The artists in Process and Delight: The New P&D might be seen as descendents of the Pattern and Decoration (P & D) movement of the 1970’s. The original artists of the P & D movement were pushing the boundaries of what was acceptable as an art vocabulary during that time. Their unapologetic embrace of a purely aesthetic beauty often combined with materials and techniques historically associated with “womens work” stood in sharp contrast to the rigors of minimalism. The artists of Process and Delight: The New P&D are building on that history while investigating their own definitions of beauty using repetition and obsessive attention to detail to illuminate their process driven works.
These artists are maximalists, concerned with visually lavish surfaces and entry into the worlds they create through pattern, repetition and meticulousness. They are cramming details onto these surfaces that are unified by complexity of form and content.
Process and Delight is honored to include Arlene Slavin’s work in this exhibit. Slavin, who participated in groundbreaking Pattern and Decoration Movement shows, is known for her use of luminous colors, the grid and her distinctive treatment of transparency in paint.
Pattern, nature and the human propensity to create meaning from what we see all intersect in the work of Dee Shapiro, Patricia Fabricant, Kit Warren and Seren Morey.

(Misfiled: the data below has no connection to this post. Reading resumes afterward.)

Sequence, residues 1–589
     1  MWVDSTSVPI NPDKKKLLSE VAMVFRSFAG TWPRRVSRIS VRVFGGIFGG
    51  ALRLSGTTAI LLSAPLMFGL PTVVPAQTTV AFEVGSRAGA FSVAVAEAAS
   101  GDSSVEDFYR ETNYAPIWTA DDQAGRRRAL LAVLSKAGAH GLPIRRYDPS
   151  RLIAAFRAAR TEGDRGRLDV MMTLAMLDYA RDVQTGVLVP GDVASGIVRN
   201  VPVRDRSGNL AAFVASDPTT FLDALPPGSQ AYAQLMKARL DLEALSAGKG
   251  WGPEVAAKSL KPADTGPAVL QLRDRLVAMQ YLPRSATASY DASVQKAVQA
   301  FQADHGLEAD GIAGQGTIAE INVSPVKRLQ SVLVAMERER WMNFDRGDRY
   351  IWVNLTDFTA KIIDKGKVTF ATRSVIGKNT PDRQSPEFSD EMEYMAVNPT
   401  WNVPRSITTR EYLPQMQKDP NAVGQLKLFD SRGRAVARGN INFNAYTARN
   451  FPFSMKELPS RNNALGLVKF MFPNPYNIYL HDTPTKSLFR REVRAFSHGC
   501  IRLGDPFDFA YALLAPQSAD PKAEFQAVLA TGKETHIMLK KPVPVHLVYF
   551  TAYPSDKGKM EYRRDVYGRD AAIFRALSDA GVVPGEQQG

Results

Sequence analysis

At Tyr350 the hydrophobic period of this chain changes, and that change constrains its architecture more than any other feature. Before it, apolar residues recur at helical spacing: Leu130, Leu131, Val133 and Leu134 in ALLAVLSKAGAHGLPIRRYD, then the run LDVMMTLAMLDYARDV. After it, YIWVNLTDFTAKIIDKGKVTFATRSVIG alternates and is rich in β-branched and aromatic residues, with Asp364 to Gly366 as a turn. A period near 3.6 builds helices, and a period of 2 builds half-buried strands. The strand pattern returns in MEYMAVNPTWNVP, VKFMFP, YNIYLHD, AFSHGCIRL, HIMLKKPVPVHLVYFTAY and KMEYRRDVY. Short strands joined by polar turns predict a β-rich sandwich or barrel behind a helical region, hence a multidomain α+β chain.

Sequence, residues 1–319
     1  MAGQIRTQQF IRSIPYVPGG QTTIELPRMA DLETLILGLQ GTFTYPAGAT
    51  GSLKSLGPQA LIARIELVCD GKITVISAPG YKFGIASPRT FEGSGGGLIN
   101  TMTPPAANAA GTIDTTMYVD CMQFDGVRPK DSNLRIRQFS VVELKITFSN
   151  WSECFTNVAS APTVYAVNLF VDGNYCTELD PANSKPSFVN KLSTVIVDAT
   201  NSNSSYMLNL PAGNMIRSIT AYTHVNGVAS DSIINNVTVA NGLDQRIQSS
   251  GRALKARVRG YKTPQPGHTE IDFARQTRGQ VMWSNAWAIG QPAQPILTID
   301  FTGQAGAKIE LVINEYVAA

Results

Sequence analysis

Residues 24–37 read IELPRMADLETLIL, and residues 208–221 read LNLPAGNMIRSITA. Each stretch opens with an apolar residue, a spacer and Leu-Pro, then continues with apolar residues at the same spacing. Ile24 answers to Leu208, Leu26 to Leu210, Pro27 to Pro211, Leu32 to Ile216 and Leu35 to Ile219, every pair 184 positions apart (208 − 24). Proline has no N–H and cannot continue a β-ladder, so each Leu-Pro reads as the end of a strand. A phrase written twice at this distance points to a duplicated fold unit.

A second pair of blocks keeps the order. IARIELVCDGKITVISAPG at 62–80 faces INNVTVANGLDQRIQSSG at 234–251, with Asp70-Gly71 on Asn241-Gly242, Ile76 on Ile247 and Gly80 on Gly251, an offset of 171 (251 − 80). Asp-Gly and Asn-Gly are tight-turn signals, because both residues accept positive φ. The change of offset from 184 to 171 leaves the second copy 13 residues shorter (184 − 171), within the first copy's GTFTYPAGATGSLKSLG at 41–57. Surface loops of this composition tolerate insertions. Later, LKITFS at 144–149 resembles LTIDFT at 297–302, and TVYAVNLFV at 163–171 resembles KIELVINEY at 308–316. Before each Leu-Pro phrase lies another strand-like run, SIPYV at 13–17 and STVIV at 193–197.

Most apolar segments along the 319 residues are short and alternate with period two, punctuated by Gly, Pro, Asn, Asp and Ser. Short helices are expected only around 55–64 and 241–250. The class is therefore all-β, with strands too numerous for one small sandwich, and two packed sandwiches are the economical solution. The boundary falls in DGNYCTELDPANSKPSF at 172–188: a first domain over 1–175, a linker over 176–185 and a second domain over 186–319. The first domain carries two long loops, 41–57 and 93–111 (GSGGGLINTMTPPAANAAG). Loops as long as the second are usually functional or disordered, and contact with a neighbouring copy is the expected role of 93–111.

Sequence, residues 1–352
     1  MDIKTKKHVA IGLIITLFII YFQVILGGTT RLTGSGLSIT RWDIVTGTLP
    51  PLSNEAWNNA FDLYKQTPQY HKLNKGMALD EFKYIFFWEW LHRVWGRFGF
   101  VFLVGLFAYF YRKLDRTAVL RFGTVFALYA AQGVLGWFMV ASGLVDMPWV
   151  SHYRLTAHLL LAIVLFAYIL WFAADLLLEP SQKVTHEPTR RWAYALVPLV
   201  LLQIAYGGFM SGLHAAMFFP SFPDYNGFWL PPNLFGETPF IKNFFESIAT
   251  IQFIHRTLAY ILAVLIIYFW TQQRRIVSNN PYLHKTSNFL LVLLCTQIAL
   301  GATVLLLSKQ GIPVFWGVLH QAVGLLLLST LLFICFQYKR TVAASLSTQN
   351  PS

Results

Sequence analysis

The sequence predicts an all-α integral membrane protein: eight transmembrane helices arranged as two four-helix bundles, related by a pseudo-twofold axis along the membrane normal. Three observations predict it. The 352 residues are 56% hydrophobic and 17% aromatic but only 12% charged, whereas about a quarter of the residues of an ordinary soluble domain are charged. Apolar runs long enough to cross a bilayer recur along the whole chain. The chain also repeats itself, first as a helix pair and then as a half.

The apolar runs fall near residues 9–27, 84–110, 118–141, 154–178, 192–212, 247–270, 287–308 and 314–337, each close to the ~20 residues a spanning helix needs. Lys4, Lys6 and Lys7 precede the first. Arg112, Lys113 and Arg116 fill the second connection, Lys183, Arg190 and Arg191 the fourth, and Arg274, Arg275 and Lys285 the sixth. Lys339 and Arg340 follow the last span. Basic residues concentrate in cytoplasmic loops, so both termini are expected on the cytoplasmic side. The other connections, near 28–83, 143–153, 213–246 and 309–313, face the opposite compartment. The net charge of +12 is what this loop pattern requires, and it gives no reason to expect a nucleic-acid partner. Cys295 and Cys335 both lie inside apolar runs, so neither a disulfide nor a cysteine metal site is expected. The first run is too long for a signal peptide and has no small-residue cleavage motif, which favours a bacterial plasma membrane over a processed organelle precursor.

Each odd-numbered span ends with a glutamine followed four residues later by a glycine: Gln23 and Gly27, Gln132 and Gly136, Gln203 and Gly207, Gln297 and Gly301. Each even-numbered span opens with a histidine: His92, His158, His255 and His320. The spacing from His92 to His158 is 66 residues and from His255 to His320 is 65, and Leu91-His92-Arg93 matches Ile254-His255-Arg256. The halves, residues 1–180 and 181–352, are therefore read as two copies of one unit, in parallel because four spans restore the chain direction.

Sui Park and Jaynie Crimmins each make their work out of consumer products — Park from mass produced materials and Crimmins from post-consumer waste — transforming ordinary, often overlooked materials into intricate constructions.
Caroline Wayne, David Ambrose, Charles Clary and Theda Sandiford all draw on childhood memories and/or trauma or microaggressions to produce baroque and beautiful work, allowing others access into the darker aspects of their experience.
Physics informs the drawings of Amy Cheng and Chris Arabadjis, creating new, dynamic worlds that occupy an ambiguous middle ground between representation and abstraction.
Although their practices differ, Marcy Rosenblat and Oriane Stender use textiles and paint to produce subtle, layered and ethereal feeling work.
The works of these 15 artists have their origins in personal history, nature, geometry and mystery. Their surfaces are lush and complicated, either abstract or representational — all combining beauty with excess. This new iteration of P & D brings together like minds, connecting their art in a compelling recognition of the intersection of art, craft, technique and intent.
Image Credit: Kit Warren “Continental Drift (chaos theory)” pigment, silica medium on paper, 30 x 40 in
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